The conduct and procedures of the Israeli forces make it questionable whether they have been trying to excise Hizbollah rocket launchers with high-precision attacks. Doubts have also been raised about the IDF's much-vaunted professionalism.
The Israeli conduct of their air and artillery attacks has been in marked contrast to those by Nato on Bosnian Serb positions in September last year. In Bosnia, Nato and the UN drew up lists of potential targets, most of which were discarded because they were too close to civilian areas. When the Serbs fired into Sarajevo, Nato responded with accurate attacks that received worldwide support. If the Israelis hoped for the same when they responded to artillery and rocket attacks from Lebanon, they were mistaken.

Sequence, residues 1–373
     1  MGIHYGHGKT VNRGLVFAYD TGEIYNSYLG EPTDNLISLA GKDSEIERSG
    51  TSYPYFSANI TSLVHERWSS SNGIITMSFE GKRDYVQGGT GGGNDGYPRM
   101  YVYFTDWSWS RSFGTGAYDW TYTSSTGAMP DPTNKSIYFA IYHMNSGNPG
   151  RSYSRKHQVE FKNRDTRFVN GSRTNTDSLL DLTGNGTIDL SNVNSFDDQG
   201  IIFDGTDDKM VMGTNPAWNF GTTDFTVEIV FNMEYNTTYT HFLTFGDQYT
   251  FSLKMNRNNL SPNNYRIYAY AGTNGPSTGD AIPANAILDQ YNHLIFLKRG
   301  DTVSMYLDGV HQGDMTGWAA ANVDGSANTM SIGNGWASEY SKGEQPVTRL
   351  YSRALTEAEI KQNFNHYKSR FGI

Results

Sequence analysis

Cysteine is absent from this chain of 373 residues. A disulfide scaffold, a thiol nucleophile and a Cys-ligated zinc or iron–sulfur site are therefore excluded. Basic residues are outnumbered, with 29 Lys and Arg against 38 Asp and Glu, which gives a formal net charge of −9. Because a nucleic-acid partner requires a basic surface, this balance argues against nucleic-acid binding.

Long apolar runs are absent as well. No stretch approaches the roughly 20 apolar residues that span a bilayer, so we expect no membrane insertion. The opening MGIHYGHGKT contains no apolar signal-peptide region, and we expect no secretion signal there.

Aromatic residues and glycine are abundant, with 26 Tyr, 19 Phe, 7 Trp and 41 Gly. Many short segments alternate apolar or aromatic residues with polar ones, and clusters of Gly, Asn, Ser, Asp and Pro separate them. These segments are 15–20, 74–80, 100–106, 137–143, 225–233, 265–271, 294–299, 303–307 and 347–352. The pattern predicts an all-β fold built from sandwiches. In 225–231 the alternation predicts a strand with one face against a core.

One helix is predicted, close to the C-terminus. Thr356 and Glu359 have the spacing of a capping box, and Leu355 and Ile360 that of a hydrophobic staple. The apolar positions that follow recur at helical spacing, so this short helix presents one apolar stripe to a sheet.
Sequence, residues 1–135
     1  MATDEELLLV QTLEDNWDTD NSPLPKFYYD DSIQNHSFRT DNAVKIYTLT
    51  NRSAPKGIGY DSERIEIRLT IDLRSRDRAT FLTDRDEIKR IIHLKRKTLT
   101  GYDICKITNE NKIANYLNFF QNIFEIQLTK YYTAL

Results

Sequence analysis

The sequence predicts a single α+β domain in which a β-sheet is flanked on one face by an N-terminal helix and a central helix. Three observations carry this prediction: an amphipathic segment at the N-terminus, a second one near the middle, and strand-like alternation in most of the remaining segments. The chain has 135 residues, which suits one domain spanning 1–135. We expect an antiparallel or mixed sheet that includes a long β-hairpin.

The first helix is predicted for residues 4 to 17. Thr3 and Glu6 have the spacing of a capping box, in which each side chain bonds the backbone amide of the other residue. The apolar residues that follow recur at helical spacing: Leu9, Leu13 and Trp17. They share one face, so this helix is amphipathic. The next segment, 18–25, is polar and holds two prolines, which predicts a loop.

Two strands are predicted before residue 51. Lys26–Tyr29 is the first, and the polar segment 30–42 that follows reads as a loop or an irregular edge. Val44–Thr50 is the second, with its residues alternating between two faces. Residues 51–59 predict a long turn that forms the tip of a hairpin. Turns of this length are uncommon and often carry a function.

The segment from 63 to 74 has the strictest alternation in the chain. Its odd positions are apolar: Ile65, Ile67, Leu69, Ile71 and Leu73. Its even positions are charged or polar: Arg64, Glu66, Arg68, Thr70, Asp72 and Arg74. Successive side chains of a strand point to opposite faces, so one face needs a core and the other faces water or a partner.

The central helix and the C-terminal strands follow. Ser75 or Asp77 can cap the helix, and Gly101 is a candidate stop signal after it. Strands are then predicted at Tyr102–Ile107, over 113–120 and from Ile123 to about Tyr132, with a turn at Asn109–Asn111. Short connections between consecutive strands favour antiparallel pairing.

Certainly, the Israelis' apparent inaccuracy remains almost incomprehensible. The Israelis use the US Firefinder radar system, which plots the launch site and path of artillery shells, mortars or rockets, and can pinpoint the launch site to within 10 metres. The site coordinates are then entered into the computer at the fire direction centre. The position of the individual guns is known from a global positioning system. The computer will also take account of air density, temperature and wind speed and direction. The first salvo should, therefore, land precisely on the target - certainly not 300 metres away, as appears to have happened on Thursday.
A Western army trying to carry out "surgical" attacks on elusive targets such as the Hizbollah rocket launchers would have sensitive sites - villages and UN bases - marked and surrounded by a designated safety area which would make it impossible to fire on them without due reflection. The Israelis clearly did not have such safeguards in place.
But even if they did fire too hastily, the chances of inaccurate rounds landing on a UN base nearby seem slim, and questions remain about what really happened.